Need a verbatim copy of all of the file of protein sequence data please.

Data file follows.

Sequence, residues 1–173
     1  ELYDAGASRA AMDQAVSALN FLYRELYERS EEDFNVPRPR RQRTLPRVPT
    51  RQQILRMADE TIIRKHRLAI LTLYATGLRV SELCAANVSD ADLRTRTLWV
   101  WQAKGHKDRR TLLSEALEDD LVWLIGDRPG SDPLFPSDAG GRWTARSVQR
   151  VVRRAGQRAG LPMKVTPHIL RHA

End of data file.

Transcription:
Sequence, residues 1–173
     1  ELYDAGASRA AMDQAVSALN FLYRELYERS EEDFNVPRPR RQRTLPRVPT
    51  RQQILRMADE TIIRKHRLAI LTLYATGLRV SELCAANVSD ADLRTRTLWV
   101  WQAKGHKDRR TLLSEALEDD LVWLIGDRPG SDPLFPSDAG GRWTARSVQR
   151  VVRRAGQRAG LPMKVTPHIL RHA